Every pom gets badly sunburned in New Zealand at least once. For me last Christmas day on the beach at Nelson was that once, having failed to reapply after having a dip. I was redder than a card dished out late on in a Waitakere game with a burn more aggressive than a Chad Coombes camera high five. Yesterday was a scorcher and I can only imagine that today there’s a few English accented folks grimacing every time their shirt scrapes against their shoulders.
Kiwitea St welcomed the WeeNix, a moniker adopted by commentators now, the Wellington Phoenix reserve/youth side. Among their ranks were many of the gutsy talented lads who’d taken Brazil to the wire in the World Cup last year. I say lads, because they are, young ones at that.
Since my last visit Mikel Alvaro has departed to Europe, depriving Auckland of an underrated metronomic influence in midfield. The pairing of Marko Dordevic and Michael Den Heijer at centre back looks promising, mind, particularly with the experience of Berlanga and Iwata on the wings. Not sure whether it was the shadows, but Takuya still looks like he’s got a black eye after his epic head smash in the Club World Cup. Ahead of the defence sits Hudson-Wihongi, with Mario Bilen and Emiliano Tade making up the midfield. Wide left, Clayton Lewis. Wide right, Ryan De Vries. And up top, New Zealand’s dabbing champion, Joao Moreira.
And for the WeeNix…
A lot of talent there. And a truly, truly disturbing haircut. Oli Sail was once of the ACFC/Central stable and it’s terrible to see a good player lack the sort of support that prevents whatever it is on top of his head from happening. Poor bloke.
Did I mention it was hot? In the shed we had a weird sauna effect going on. The half four kick off time was time to mean sitting on the bottom concrete terrace was out of the question, save one brave wahine who was sun hatted and blanketed against the burn. As the game progressed the shadow reduced, forcing us into a tighter and tighter space like James Bond trying not to get his knackers burned by a laser. That hot, folks. That hot.
Within 11 minutes we had a goal. Joao Moreira can score ridiculous headers but his subtle dink over the oncoming Sail was so delicate and slow motion that it was only the ripple of the net that let us know he’d scored.
Weenix look good in attack, but at times it was men against boys. I suppose the positive is their technical ability, which can be augmented with bulking up and gaining some niggly experience on the park. In defence, that lack of experience showed a bit with Clayton Lewis being sent sprawling by a challenge that could have been avoided in favour of keeping pace and showing him the outside. The subsequent penalty heightened the Oli Sail/Joe Hart doppleganger, the WeeNix keeper beating the crossbar and waving his arms only for Moreira to place the ball straight down the middle. Two nil.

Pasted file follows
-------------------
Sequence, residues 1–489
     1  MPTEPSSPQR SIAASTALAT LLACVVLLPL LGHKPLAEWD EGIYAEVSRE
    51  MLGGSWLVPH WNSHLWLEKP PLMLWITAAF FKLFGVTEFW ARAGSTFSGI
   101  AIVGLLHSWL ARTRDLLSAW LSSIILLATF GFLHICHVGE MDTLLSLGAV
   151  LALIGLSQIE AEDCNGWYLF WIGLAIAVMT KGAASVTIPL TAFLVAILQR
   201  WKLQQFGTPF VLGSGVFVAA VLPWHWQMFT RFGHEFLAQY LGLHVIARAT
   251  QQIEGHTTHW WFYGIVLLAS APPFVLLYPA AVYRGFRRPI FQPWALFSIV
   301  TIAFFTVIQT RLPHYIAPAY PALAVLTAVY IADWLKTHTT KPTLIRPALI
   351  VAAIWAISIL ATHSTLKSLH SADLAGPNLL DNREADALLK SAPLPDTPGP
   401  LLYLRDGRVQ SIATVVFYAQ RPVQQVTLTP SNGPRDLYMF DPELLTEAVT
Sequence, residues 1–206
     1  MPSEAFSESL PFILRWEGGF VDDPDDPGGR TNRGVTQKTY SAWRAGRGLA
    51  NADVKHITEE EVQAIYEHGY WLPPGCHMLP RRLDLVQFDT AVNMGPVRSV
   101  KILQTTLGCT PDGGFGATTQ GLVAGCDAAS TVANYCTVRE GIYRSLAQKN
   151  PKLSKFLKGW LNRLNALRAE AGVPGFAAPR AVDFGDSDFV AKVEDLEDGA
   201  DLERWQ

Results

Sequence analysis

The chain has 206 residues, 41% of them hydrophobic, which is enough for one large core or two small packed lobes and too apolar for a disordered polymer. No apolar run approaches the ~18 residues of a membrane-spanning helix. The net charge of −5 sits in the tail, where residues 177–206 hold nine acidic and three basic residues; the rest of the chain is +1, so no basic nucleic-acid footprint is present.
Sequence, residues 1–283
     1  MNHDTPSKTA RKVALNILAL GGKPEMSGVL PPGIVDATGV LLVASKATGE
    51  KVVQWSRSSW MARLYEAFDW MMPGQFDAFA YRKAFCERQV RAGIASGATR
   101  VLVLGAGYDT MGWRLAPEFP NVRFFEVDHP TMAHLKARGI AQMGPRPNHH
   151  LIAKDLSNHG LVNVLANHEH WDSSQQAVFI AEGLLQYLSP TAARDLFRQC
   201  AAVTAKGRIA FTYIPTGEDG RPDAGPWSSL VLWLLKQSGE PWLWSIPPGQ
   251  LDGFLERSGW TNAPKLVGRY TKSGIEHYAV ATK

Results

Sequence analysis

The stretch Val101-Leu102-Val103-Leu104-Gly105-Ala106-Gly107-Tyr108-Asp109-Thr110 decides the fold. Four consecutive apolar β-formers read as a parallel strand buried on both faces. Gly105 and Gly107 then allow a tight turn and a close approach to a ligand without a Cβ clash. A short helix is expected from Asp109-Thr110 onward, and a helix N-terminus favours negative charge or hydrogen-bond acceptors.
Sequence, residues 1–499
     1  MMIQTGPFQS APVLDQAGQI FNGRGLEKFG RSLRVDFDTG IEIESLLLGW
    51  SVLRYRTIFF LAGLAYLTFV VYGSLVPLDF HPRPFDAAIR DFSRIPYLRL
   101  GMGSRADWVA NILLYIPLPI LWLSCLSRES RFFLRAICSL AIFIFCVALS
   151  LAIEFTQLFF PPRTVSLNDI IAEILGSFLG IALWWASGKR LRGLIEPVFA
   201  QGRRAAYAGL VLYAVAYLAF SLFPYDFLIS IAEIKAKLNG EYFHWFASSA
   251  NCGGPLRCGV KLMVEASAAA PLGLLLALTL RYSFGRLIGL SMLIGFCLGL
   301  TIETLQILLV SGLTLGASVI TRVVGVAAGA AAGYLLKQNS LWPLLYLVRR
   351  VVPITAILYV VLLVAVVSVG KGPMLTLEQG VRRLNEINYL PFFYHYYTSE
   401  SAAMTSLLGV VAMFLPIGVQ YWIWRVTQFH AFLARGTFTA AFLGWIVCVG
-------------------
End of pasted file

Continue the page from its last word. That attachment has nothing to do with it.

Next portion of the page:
A reaction and an indication of their potential. Immediately from the restart a peach of a ball into Andrew Blake, whose chest control took Iwata and Den Heijer by surprise. The onrushing Rivas and Den Heijer’s harrying couldn’t prevent him slipping the ball goalwards and it was tipped onto the post by a sliding Dordevic only for Cahill-Fleury to sort of not actually touch it as the spin took it over the line and back out where Takuya hammered it away. The linesman gave it, the replays look decent. Two one. Game on?
Yeah, nah. The heat took its toll as the game wore on and a sliding finish under or over Sail by De Vries was followed by Moreira completing his hat trick before half time. Moreira’s goal was an indication of how confident he was feeling, taking an extra touch before blasting it in from two yards. In the shed the time between the first touch and the shot was years, decades, millenia as we all explored the possibility of him missing. He didn’t though. Four one at half time.
Half time and a dash past Anthony Hudson, who has definitely been working his tan this summer, for a cold beer. It was a tad warm still. The sprinklers came on and there was a brief discussion about the need for a pitch invasion. That water looked cool, refreshing and blissful. We didn’t, noting Tom the groundsman had both a garden fork and a spade on hand. Don’t mess with Tom.
The second half, well, we lost 0 – 1. If we were playing ‘Let’s hit the post’ we won 3 – 0. Moreira hammered the upright, Tade’s chip over Sail pinged off the bar and another chance rattled the white sticks. De Vries had one ruled out for offside as well. It could have been seven. It wasn’t though.
The WeeNix’s goal belied their ability to move the ball around. Long ball, flick header, gamble from Cahill-Fleury, goal. Good composure to not attempt to knock it around the keeper and waiting for him to commit. Four two, the sign of a good football match. I was impressed with McGarry, Rogerson and Blake’s commitment, Singh showed a few flashes of what he could do and despite that hair, Sail kept the scoreline down in a few one on ones. But in the end though, City were just too hot for them.
As we all dreamt of rainfall, the whistle blew.
Full gallery, courtesy of Roz Palethorpe….
Categories: NZ Men's National League
John Palethorpe lives in South Auckland which is very far away from Fratton Park and Champion Hill. Having been told there was no football in New Zealand, he was delighted to find that there is.